A new book reveals the spiteful after life of Downing Street's unlikely spin doctor.

It must be hard being a spin doctor: always in the shadows but always on-message. The murky control that the role requires might explain why David Cameron’s former director of communications Craig Oliver has rushed out his political memoirs so soon after his boss left Downing Street. Now that he has been freed from the shackles of power, Oliver has chosen to expose the bitterness that lingers among those on the losing side in the EU referendum.

The book, which is aptly titled Unleashing Demons, made headlines with its revelation that Cameron felt “badly let down” by Theresa May during the campaign, and that some in the Remain camp regarded the then home secretary as an “enemy agent”. It makes for gripping reading – yet seems uncharacteristically provocative in style for a man who eschewed the sweary spin doctor stereotype, instead advising Cameron to “be Zen” while Tory civil war raged during the Brexit campaign.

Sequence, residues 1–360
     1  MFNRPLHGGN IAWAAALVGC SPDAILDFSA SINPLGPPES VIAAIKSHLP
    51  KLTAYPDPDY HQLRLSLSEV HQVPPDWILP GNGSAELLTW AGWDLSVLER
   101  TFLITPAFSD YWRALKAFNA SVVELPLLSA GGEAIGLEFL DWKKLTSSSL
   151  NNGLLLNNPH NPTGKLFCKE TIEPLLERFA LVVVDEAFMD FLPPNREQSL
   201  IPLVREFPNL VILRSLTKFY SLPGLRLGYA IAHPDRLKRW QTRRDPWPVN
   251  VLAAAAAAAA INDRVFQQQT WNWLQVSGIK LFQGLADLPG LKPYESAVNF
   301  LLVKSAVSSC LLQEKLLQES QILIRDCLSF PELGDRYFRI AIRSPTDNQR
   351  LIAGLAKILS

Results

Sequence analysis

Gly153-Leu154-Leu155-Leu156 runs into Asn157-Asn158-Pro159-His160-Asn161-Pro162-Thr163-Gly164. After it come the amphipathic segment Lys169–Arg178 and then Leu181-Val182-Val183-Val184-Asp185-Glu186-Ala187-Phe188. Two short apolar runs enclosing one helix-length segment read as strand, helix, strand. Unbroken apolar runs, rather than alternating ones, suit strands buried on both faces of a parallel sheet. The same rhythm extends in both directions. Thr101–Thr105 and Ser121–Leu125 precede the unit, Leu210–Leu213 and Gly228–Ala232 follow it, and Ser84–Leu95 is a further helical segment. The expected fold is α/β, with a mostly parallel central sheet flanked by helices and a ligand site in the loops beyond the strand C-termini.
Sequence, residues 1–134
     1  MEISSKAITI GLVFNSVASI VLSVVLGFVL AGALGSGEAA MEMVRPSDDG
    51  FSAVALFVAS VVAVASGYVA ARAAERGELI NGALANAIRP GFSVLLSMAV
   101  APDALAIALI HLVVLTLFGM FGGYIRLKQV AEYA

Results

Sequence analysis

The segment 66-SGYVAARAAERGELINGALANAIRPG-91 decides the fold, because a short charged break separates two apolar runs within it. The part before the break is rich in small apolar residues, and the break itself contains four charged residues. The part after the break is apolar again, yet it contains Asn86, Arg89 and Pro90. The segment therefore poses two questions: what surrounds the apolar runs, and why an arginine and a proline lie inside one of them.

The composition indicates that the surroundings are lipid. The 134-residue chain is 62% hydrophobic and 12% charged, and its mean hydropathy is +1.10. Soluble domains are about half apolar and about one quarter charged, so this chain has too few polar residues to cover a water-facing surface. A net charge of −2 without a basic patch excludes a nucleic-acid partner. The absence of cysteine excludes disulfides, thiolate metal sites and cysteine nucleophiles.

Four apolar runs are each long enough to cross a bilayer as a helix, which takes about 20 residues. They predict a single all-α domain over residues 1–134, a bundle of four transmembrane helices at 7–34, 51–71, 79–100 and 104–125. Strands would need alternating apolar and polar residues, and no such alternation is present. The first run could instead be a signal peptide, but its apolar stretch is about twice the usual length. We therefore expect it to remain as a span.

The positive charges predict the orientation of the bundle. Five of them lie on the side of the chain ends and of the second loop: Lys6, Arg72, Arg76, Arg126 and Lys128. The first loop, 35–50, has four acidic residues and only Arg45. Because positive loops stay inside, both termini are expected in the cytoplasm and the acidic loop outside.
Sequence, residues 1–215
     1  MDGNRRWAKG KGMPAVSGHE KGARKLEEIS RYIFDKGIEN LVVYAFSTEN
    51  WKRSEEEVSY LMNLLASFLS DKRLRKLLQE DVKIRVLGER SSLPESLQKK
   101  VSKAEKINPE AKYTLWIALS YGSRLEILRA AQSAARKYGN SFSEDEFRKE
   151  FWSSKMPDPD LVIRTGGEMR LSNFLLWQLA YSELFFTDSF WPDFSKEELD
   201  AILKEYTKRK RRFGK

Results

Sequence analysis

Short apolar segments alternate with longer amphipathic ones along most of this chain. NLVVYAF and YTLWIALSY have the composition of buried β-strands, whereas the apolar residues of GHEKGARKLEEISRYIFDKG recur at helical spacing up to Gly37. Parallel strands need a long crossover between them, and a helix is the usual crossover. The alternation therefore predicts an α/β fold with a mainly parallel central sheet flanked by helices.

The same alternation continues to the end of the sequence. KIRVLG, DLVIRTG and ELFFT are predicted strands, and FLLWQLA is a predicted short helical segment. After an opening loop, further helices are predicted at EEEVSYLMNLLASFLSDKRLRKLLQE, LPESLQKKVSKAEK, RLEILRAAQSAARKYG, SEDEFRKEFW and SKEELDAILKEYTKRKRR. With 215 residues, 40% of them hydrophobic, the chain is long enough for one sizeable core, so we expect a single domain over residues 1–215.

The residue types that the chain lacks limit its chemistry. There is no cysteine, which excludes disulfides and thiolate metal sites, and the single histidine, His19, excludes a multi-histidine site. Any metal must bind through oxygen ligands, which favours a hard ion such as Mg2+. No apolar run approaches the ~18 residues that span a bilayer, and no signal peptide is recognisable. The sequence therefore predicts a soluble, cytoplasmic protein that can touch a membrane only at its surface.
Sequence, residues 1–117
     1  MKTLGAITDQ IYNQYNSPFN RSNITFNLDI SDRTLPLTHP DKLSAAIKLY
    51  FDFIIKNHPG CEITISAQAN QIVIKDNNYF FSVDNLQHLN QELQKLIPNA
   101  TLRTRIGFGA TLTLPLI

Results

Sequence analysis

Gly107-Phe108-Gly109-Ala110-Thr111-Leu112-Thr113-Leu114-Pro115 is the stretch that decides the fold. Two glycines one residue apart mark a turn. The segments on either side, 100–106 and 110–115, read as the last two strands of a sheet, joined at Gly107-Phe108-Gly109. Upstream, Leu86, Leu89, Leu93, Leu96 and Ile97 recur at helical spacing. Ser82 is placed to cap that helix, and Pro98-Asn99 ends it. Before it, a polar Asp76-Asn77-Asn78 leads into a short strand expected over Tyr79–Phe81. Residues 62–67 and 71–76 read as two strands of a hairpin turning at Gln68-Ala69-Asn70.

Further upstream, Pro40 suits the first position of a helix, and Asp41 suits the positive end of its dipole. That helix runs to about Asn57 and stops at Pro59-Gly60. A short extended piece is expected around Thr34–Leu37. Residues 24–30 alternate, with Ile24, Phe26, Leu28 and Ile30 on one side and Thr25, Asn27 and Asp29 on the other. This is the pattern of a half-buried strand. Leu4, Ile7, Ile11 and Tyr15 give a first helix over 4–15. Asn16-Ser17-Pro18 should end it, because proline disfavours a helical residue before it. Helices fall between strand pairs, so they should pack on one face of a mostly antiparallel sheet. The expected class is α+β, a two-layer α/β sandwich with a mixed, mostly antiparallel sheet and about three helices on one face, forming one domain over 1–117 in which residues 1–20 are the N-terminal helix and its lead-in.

It may be not only politicians who find the book a tough read. Oliver’s visceral account of his side’s defeat on 24 June includes a description of how he staggered in a daze down Whitehall until he retched “harder than I have done in my life. Nothing comes up. I retch again – so hard, it feels as if I’ll turn inside out.”

It’s easy to see why losing hit Oliver – who was knighted in Cameron’s resignation honours list – so hard. Arguably, this was the first time the 47-year-old father-of-three had ever failed at anything. The son of a former police chief constable, he grew up in Scotland, went to a state school and studied English at St Andrews University. He then became a broadcast journalist, holding senior posts at the BBC, ITV and Channel 4.